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High Definition Laser Scans

"Fast is fine, but accuracy is everything.", Xenophon

Throughout the past decade, high definition laser scanning as a method of obtaining spatial data has grown in popularity. This type of scanning is widely utilized for design surveys, topographic mapping, and building information modeling (BIM) within the architectural, engineering and survey professions. Though most commonly used in these professions, other applications may also include construction, manufacturing, forensics, historic preservation and mining. The following synopsis of this technology will address technical aspects of laser scanning, product deliverable, scan accuracy and possible applications.

Technical background -
Laser scanners consist of three primary components; a laser beam, scanning mirrors and a camera. After a laser beam is directed toward an intended object or space, the equipment records spatial coordinates, laser intensities and project management data. As this data is combined and processed, the coordinate points form three dimensional models of spaces and objects. These systems are capable of collecting thousands of points per second resulting in databases containing tens of millions of points. Data point volumes of this magnitude are far too intense for standard CAD systems to handle, however, point cloud software is used to convert these databases into manageable files compatible with common CAD systems.

Product Deliverable -
After scanned data has been completely processed and converted to compatible files, the points can be viewed in wire frame, point data or photo images. If desired, combinations of these images are also easily created. Examples of these images are shown in the right hand column of this narrative. In addition to simply viewing two-dimensional images of the data, these three-dimensional models can be explored and viewed from an infinite number of angles and perspectives. Simulated flyovers and walk-though animations can also be created and provide valuable information and insight into the project.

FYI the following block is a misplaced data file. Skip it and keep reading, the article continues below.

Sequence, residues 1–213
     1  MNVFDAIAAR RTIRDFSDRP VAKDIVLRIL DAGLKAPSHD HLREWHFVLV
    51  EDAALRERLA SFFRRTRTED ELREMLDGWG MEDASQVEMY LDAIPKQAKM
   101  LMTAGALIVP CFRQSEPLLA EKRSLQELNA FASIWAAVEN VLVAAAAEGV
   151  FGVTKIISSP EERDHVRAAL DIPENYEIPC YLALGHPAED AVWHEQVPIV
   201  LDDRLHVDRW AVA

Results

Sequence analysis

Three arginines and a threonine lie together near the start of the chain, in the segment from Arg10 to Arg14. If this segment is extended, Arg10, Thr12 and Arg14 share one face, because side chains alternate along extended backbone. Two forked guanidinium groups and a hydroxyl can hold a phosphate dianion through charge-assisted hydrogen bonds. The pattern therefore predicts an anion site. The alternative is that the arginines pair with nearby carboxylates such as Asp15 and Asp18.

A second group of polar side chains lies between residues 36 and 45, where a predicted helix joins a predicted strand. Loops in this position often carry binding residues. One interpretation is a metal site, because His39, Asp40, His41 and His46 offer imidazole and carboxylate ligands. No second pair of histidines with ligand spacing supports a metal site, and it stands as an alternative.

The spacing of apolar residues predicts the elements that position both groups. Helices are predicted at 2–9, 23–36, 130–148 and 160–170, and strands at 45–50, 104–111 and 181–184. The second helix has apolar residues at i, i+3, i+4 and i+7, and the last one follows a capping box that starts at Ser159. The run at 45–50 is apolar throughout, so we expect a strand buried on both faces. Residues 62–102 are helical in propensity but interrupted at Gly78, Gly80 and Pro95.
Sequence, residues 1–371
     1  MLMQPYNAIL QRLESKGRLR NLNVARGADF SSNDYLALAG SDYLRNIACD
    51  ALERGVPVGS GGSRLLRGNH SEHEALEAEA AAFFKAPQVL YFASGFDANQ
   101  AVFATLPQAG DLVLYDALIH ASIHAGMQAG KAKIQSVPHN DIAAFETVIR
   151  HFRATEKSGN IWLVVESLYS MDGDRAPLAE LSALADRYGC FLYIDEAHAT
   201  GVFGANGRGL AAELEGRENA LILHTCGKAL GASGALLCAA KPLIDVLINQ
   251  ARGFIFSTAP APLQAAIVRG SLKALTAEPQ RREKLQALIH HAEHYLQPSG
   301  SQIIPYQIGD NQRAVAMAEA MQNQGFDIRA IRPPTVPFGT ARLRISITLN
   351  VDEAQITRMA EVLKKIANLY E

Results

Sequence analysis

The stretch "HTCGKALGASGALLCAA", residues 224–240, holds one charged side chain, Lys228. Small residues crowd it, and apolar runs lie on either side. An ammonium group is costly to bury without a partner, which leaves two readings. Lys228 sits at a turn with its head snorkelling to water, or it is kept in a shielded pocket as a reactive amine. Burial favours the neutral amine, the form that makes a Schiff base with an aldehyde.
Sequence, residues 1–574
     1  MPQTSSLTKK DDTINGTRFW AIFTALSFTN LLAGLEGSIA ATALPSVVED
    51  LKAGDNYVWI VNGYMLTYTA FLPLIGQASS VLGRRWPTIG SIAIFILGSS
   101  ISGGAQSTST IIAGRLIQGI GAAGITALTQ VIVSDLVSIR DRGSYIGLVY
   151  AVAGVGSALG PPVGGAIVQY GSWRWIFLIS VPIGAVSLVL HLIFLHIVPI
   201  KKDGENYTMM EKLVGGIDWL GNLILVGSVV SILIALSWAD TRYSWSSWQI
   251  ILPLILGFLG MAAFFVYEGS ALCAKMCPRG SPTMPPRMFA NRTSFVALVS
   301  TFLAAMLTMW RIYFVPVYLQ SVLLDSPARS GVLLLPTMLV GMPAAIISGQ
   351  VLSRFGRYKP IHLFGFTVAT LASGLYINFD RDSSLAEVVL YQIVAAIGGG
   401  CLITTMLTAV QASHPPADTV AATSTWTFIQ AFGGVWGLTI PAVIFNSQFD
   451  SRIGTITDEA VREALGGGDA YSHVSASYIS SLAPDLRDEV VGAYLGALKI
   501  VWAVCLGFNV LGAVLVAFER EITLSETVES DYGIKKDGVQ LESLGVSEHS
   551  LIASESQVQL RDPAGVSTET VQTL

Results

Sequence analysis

O'Dell Engineering recently completed an application of this technology on the Exchequre Dam in Mariposa County, CA. Visit O'Dell Engineering's featured projects located at this link to see a short fly-through example of this project.

Accuracy -
Similar to other methods of obtaining spatial information, the accuracy of this technology varies depending
on the application. Long range scanners used for general earthwork grading calculations or mining operations have ranges of over 2,000 feet and are accurate within a few inches. However, close range scanners used in smaller areas and tight spaces can achieve .01' accuracy (This may vary depending on site specific surface conditions)

Applications -
Laser Scanning is an excellent alternative to traditional methods where three-dimensional spatial data is required. Scanning becomes increasingly cost effective as the required level of detail increases and when accessibility to the site decreases. The benefits become apparent when an example comparison is drawn between the development of a BIM for a manufacturing plant using traditional survey methods versus scanning and obtaining thousands of data points per second. The savings can be significant. Scanning is also an excellent alternative when large spaces, dangerous conditions or traffic closures are concerns, as is frequently the case with large freeways and interstates highway projects. Projects located within rugged terrain may also be great candidates for this type of survey.

In just a few hours of scanning, a small commercial site or a building interior can be scanned, processed and 3d models can be created. These models can then be used throughout the design and construction phases of the project.

Conclusion -
High definition laser scanning is yet another great tool with great potential and with seemingly endless applications. Though this method of data gathering will not be appropriate nor feasible for every project, its versatility certainly opens the doors of opportunity for many projects out there. If you have any questions about this technology feel free to call us. One of O'Dell Engineering's survey staff would be happy to tell you more about it.

O'Dell Engineering

The next time you need a Landscape Architect on your project, consider O'Dell Engineering's Landscape Architecture Department.

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Author: Chad Kennedy, Landscape Architect

This informational article provided by O'Dell Engineering - 1165 Scenic Drive, Suite A, Modesto CA 95350